William Forsythe

William Forsythe

William Forsythe Quick Links

News Pictures Film RSS

52nd New York Film Festival - 'Once Upon a Time in America' Extended Director's Cut Collector's Edition - Premiere

Treat Williams, William Forsythe, James Woods and Robert De Niro - 52nd New York Film Festival - 'Once Upon a Time in America' Extended Director's Cut Collector's Edition - Premiere - Manhattan, New York, United States - Saturday 27th September 2014

James Woods and Treat Williams
Treat Williams, William Forsythe, James Woods and Robert De Niro
Treat Williams, William Forsythe, James Woods and Robert De Niro
Treat Williams, William Forsythe, James Woods and Robert De Niro
Treat Williams and Robert De Niro

Picture - William Forsythe , Monday 14th May 2012

William Forsythe Monday 14th May 2012 2012 Fox Upfront Presentation held at the Wollman Rink - Arrivals

William Forsythe
William Forsythe
William Forsythe

Picture - William Forsythe, Lynn Eastman-Rossi, Skip... Philadelphia, USA, Friday 27th March 2009

William Forsythe, Lynn Eastman-Rossi, Skip Deneberg, Tony Luke and Leo Rossi - William Forsythe, Lynn Eastman-Rossi, Skip Deneberg, Tony Luke and Leo Rossi Philadelphia, USA - World premiere of 'The Nail: The Story of Joey Nardone' at the Philadelphia Film Festival Friday 27th March 2009

Picture - William Forsythe, Tony Luke Jr,... Philadelphia, USA, Friday 27th March 2009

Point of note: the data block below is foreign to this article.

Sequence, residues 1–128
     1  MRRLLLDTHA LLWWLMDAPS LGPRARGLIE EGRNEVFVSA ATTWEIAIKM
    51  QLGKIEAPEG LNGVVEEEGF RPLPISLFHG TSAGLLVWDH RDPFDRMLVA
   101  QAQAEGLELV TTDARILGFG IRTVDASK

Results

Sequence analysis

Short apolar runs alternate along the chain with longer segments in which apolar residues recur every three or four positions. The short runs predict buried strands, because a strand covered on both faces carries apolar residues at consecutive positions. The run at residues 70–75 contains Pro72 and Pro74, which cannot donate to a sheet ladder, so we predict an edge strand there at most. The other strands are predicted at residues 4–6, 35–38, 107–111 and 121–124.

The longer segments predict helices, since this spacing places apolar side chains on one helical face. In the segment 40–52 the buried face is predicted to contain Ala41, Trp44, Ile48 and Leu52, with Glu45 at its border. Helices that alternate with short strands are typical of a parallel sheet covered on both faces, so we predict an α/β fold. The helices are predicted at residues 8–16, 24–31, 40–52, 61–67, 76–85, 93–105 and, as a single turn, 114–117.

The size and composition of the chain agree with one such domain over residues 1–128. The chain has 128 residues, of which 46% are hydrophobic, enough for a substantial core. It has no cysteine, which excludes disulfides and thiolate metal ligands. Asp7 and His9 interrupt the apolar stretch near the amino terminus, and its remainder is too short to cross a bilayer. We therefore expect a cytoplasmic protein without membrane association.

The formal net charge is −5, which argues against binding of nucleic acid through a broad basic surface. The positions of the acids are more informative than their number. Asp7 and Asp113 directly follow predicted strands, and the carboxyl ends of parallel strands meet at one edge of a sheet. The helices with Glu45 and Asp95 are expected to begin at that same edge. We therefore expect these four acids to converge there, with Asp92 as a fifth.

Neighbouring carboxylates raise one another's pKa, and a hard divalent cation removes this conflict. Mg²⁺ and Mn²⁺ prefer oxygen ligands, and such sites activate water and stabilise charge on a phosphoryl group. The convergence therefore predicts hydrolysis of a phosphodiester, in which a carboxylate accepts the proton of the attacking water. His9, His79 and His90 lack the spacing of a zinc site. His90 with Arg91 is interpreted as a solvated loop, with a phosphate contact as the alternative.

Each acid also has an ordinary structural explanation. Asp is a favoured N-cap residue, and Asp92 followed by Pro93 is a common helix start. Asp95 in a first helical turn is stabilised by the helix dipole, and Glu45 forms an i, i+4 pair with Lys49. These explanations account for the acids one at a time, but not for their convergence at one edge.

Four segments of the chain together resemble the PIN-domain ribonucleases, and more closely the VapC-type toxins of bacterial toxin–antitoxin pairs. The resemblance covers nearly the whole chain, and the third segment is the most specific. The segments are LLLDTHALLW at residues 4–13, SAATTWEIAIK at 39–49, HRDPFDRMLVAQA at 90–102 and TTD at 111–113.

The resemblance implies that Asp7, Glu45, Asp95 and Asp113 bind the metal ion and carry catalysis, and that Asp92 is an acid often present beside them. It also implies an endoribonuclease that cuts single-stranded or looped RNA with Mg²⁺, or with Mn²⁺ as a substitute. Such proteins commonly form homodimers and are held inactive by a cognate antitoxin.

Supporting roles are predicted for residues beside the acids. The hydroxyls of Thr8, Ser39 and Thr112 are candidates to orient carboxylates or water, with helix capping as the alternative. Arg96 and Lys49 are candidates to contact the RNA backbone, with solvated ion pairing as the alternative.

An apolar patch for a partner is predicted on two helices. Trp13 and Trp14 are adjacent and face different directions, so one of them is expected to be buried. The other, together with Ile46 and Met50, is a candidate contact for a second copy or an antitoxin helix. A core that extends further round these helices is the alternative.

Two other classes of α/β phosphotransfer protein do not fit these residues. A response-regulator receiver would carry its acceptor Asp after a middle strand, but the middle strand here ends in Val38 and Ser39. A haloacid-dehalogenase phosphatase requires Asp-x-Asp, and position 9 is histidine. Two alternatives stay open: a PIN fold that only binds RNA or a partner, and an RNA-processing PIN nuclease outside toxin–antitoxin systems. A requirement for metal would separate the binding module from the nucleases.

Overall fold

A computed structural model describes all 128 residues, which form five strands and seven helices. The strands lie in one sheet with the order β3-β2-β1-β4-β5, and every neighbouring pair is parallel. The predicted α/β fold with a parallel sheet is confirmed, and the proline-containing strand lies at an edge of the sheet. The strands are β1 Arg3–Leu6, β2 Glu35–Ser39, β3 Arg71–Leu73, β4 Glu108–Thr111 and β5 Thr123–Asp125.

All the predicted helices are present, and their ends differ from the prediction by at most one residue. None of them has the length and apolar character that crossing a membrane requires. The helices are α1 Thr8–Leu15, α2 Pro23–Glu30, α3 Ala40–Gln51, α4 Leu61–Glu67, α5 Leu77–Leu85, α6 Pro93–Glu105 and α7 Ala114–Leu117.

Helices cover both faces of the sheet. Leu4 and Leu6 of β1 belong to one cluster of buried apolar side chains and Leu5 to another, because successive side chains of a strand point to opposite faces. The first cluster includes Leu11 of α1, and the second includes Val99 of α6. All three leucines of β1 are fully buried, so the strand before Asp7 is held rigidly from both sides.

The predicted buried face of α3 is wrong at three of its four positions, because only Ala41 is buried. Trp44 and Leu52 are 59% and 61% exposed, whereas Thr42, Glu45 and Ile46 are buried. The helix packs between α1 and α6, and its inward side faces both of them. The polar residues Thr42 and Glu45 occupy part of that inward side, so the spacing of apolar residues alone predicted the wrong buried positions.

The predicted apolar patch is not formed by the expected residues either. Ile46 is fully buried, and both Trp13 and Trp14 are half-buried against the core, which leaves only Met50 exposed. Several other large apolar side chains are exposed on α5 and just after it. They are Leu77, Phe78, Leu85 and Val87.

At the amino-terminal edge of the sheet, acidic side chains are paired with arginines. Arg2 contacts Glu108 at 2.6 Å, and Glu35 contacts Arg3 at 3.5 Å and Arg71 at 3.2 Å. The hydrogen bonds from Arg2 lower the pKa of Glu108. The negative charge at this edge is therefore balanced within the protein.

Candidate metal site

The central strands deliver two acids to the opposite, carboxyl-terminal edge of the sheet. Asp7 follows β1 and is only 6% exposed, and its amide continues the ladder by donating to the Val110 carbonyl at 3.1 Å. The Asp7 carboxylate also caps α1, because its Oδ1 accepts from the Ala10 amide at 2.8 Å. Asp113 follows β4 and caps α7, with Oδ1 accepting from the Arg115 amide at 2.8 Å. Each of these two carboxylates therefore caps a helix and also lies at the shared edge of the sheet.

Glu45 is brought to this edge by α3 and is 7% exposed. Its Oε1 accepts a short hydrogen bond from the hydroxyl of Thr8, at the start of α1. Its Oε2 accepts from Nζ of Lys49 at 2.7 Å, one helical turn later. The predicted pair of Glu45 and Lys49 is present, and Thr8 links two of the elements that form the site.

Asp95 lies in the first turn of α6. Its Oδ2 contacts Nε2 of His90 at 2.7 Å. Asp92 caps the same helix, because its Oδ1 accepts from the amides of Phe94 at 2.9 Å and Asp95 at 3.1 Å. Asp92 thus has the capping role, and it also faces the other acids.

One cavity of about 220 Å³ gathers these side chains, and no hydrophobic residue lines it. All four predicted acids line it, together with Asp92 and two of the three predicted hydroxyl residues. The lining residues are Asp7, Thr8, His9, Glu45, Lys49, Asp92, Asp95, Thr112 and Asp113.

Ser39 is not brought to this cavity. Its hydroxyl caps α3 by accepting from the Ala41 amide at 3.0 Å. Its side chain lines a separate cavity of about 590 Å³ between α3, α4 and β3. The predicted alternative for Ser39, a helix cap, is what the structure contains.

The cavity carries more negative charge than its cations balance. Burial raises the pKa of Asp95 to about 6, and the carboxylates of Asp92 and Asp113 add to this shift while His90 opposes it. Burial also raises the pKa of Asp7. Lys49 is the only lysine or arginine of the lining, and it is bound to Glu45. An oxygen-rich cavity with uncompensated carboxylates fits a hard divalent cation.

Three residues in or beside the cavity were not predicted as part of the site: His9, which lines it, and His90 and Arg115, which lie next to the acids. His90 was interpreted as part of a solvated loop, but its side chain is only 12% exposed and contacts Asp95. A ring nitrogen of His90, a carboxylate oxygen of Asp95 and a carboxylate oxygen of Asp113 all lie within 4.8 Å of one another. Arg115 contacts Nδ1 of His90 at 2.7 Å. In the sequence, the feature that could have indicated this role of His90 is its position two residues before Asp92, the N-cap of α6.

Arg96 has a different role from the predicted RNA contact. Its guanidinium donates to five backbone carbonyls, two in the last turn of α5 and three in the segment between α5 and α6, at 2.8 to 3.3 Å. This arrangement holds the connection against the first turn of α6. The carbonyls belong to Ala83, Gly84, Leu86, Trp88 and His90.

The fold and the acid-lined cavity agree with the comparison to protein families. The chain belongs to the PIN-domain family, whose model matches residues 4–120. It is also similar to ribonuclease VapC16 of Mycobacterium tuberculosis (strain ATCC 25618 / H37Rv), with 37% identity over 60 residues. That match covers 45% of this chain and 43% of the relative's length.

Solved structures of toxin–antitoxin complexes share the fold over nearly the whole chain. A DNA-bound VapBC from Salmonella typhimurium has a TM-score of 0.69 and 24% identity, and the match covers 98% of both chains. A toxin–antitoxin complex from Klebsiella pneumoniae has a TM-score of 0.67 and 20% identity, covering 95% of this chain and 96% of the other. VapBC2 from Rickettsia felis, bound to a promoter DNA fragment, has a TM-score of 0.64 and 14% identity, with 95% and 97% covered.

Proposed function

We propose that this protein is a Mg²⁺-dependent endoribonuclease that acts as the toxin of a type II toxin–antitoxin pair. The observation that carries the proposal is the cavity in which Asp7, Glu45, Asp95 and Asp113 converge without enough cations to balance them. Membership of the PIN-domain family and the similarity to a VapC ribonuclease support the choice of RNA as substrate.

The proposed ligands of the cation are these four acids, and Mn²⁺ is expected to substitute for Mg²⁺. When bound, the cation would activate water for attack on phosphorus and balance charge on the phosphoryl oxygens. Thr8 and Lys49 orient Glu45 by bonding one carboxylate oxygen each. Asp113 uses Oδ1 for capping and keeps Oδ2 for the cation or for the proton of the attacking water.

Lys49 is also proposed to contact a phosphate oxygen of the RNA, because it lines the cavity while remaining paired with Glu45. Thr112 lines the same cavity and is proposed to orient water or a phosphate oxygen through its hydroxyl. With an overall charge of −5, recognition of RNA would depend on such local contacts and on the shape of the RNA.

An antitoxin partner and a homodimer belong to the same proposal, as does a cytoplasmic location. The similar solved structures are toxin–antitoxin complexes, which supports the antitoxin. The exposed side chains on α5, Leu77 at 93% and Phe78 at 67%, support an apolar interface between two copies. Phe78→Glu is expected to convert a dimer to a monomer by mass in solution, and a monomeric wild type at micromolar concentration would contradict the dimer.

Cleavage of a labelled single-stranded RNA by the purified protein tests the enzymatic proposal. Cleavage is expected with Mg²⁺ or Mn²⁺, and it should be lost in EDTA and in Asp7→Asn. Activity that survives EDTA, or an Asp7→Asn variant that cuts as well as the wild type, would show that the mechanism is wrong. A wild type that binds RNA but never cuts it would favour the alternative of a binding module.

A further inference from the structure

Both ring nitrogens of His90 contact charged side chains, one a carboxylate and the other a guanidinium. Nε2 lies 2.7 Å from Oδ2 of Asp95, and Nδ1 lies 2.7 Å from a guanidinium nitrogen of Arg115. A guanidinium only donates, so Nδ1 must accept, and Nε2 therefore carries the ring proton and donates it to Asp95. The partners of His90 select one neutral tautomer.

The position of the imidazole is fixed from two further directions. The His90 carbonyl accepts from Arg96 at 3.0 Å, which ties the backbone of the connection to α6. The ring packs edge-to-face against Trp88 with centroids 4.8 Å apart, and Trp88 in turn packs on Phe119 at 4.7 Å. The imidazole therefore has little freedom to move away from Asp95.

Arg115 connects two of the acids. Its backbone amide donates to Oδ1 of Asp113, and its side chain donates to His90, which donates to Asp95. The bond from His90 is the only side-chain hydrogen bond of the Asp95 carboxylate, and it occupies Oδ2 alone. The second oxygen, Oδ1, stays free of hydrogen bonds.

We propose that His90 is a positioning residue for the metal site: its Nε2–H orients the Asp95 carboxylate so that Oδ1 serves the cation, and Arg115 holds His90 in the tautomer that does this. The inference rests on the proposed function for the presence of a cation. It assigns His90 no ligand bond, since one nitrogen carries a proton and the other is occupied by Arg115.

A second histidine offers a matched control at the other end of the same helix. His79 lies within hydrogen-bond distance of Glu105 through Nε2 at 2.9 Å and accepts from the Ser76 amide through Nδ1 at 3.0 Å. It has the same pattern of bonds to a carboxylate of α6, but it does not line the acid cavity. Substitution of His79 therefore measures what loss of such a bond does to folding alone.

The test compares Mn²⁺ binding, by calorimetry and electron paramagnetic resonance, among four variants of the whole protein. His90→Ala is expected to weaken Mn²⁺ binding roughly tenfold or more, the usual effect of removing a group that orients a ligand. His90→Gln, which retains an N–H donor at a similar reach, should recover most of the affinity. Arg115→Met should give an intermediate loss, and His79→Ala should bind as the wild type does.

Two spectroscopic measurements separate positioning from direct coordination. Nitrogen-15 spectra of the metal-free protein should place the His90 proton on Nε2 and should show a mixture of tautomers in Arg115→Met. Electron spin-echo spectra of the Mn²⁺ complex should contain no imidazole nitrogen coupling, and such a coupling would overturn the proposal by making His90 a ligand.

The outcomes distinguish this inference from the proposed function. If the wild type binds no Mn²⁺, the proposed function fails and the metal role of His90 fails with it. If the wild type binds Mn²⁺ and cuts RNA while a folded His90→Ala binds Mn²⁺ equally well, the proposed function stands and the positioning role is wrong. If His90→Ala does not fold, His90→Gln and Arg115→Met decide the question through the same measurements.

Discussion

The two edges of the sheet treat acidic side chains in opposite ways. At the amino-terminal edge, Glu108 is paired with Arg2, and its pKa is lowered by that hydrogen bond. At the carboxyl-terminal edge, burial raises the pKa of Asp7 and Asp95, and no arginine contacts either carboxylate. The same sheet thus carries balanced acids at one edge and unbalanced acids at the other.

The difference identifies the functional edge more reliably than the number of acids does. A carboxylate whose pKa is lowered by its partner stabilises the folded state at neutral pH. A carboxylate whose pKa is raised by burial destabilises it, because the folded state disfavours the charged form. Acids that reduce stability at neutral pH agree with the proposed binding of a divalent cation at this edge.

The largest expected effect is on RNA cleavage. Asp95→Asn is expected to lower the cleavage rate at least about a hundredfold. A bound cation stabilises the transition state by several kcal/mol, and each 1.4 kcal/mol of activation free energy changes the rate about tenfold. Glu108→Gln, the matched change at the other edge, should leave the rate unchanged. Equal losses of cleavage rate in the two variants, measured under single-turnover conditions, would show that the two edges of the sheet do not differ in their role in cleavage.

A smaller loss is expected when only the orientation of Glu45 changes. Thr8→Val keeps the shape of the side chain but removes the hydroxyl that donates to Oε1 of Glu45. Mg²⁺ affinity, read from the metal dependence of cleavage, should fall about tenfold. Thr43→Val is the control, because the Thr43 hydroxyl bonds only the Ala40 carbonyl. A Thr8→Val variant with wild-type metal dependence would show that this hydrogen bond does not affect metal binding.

William Forsythe, Tony Luke Jr and Leo Rossi - William Forsythe, Tony Luke Jr, Leo Rossi Philadelphia, USA - World premiere of 'The Nail: The Story of Joey Nardone' at the Philadelphia Film Festival Friday 27th March 2009

City By The Seatest Review


Excellent
Relationships between fathers and sons must be the "in" topic for Hollywood. Road to Perdition was a moving story about the sacrifices made by generations of mob fathers to provide for their boys. Similar relationships are presented in City by the Sea; however, this film explores the opposite phenomenon. In City by the Sea, the lack of sacrifice by two generations of fathers has lasting repercussions on their children.

City by the Sea is inspired by the true events surrounding the life of New York City Homicide Detective Vincent LaMarca. A veteran of the police force, LaMarca (Robert De Niro) returns to the boardwalks of Long Beach, Long Island (a.k.a. City by the Sea), where he grew up, to investigate a homicide that his son Joey (James Franco) is under suspicion of committing. Vincent and Joey have been estranged since Vincent divorced his wife (Patti LuPone) 14 years ago. As a result, Joey has fallen into the pitfalls of drugs and vagrancy. When a drug deal goes bad, and Joey kills the dealer in the ensuing struggle, he becomes the target of many overzealous police officers who want to charge him with the crime. Joey is also the target for another drug dealer (William Forsythe) who wants the drug money he thinks Joey stole.